The effort to remove the bust has sent ripples through the GOP-dominated Statehouse, where Senate Speaker Randy McNally and House Speaker Cameron Sexton disputed the move and questioned whether the Legislature should put the issue to a vote.
“Every person who enters the Capitol — the people's house — should feel welcome. The State Museum is the appropriate place to discuss and study the life and exploits of Nathan Bedford Forrest. He should not hold a place of honor in the State Capitol."
- House Minority Leader Karen Camper, a Black woman from Memphis
Both lawmakers have also called on the Attorney General’s Office to decide if the Historical Commission could remove the bust without first receiving approval from the State Building Commission.
Last year, the Tennessee Legislature refused to advance a bill calling for the bust’s removal despite impassioned pleas from Black lawmakers.
Forrest’s bust at the Capitol was first unveiled in 1978 and has stirred strong opposition for decades.
Forrest amassed a large fortune as a plantation owner and slave trader in Memphis before the Civil War broke out. A Confederate cavalry general during the war, he became a post-war leader of the Klan, which terrorized Black people and sought to reverse Reconstruction efforts and restore white supremacy.
“Forrest represents pain, suffering and brutal crimes committed against African Americans, and that pain is very real for our fellow Tennesseans as they walk the halls of our Statehouse and evaluate how he could be one of just the nine busts elevated to a place of reverence,” Gov. Bill Lee said in a recorded video message during Tuesday’s meeting.
The bust of Forrest is one of many that have become targeted in the aftermath of George Floyd’s death in May 2020.
During the nationwide unrest that erupted over his police custody death, Civil War relics, Confederate statues and monuments to slavery were vandalized and torn down in many cities across the country.
At least 160 public symbols honoring Confederate rebels across the nation were toppled or removed from public spaces throughout 2020, according to a recent report by the Southern Poverty Law Center.
Before last year, there had been nearly 2,100 symbols nationwide, primarily in the South.
There are now about 704 Confederate monuments still standing, the SPLC says. And taking some of them down may be difficult, particularly in Alabama, Georgia, Mississippi, North Carolina, South Carolina and Tennessee — states where lawmakers have enacted policies protecting the monuments.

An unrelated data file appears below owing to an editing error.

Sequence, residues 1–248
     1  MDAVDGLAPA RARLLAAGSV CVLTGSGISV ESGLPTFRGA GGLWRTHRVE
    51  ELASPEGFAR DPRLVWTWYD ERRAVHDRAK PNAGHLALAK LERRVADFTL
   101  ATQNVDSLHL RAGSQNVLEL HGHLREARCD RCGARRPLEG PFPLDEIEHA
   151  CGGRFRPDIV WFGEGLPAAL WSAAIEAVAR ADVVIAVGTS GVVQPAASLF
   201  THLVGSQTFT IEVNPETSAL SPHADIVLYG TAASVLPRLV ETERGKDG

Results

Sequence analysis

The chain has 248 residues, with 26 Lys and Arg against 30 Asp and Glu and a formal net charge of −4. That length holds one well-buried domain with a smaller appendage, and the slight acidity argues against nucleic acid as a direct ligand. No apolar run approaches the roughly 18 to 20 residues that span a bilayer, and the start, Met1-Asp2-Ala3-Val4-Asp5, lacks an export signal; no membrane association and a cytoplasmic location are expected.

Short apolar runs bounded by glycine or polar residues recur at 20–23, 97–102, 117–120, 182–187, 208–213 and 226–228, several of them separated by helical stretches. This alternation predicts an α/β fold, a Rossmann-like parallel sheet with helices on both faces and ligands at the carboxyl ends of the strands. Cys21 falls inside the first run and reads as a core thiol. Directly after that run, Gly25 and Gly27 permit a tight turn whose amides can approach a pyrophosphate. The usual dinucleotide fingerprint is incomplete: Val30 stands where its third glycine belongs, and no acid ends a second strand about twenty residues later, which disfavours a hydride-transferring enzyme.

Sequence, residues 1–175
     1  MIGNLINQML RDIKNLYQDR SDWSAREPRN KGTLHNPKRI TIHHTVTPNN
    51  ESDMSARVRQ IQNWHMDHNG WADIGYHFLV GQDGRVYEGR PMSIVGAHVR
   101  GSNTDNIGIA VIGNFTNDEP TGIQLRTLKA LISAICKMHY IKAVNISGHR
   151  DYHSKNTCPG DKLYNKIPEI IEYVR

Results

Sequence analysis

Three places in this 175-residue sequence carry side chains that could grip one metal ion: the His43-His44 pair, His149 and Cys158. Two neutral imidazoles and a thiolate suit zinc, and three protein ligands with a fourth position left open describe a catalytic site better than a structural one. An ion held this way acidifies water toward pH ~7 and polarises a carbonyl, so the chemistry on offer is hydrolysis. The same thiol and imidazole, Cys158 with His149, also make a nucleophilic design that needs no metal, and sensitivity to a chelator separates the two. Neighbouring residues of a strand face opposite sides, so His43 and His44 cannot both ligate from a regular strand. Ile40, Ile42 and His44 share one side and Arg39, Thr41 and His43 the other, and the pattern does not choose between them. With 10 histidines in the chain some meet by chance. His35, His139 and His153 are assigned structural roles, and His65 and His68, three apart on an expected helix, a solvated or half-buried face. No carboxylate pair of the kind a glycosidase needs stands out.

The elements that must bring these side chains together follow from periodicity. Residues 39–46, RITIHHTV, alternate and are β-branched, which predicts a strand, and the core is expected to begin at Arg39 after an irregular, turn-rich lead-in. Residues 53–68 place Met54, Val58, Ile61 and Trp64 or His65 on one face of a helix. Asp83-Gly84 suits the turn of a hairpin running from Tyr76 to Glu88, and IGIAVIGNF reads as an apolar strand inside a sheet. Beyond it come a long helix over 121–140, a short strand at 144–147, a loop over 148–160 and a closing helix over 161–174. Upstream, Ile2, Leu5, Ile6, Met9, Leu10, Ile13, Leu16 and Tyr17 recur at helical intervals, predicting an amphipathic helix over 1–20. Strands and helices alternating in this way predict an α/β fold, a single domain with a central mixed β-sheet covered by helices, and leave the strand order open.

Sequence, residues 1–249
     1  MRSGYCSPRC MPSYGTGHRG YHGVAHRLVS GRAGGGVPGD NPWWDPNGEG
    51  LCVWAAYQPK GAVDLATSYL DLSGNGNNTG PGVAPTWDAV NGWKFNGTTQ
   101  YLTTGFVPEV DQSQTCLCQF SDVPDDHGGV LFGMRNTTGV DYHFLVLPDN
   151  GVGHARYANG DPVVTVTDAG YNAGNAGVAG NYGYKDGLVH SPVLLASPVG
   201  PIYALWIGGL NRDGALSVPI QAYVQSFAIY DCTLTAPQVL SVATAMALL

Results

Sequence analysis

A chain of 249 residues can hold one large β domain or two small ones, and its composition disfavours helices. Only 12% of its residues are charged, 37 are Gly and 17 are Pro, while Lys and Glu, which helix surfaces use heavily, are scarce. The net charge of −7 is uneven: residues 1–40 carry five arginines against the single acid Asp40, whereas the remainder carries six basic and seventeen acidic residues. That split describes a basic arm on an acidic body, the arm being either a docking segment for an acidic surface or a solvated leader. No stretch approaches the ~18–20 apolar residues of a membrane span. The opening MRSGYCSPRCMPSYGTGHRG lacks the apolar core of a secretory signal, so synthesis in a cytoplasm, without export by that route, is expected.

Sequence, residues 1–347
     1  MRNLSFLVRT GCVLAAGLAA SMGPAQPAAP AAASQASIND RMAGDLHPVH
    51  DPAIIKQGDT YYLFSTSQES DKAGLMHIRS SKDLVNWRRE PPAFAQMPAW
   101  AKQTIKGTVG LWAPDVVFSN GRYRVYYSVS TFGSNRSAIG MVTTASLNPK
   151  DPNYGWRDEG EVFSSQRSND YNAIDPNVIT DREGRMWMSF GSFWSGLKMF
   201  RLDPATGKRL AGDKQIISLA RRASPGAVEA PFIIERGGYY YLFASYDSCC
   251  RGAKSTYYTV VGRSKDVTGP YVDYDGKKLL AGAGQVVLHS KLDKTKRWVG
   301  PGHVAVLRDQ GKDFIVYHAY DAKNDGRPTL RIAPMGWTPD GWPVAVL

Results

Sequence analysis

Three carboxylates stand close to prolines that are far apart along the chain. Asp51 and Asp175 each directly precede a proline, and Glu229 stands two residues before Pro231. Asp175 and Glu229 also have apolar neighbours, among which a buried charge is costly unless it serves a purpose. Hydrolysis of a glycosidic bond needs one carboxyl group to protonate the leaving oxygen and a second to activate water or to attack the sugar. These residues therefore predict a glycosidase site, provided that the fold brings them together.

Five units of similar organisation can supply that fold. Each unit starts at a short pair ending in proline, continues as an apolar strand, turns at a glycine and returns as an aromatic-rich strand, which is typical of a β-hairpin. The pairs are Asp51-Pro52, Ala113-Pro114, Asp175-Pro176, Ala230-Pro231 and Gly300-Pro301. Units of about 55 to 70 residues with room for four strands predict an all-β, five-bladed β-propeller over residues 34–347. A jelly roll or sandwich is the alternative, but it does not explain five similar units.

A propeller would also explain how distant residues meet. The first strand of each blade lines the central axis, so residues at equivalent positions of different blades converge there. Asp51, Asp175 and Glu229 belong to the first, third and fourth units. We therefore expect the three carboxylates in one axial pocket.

Lee initially resisted calls to relocate the Bedford bust just before taking office in 2018, telling The Tennessean at the time that “the Ku Klux Klan is a part of our history that we’re not proud of in Tennessee, and we need to be reminded of that and make certain that we don’t forget it. So I wouldn’t advocate to remove” the bust.
“Forrest represents pain, suffering and brutal crimes committed against African Americans, and that pain is very real for our fellow Tennesseans as they walk the halls of our Statehouse and evaluate how he could be one of just the nine busts elevated to a place of reverence."
- Gov. Bill Lee
Yet by 2020, he said he wouldn’t oppose adding context to the Forrest bust and has since said the opportunity for “full context” on Forrest is available only in the state museum.
Tennessee’s Black legislative caucus has particularly been vocal how painful it has been to walk by the bust, displayed prominently between the House and Senate chamber, as they carry out their work each day.
“Every person who enters the Capitol — the people’s house — should feel welcome,” said House Minority Leader Karen Camper, a Black woman from Memphis. “The State Museum is the appropriate place to discuss and study the life and exploits of Nathan Bedford Forrest. He should not hold a place of honor in the State Capitol.”
Along with the Forrest bust in Tennessee, the Historical Commission agreed that the busts of David Farragut, a Union military leader, and U.S. Navy Adm. Albert Gleaves be moved from the Capitol to the state museum. The decision was that state and federal officials should be honored at the museum rather than in the Capitol.
Information provided by The Associated Press was used to supplement this report.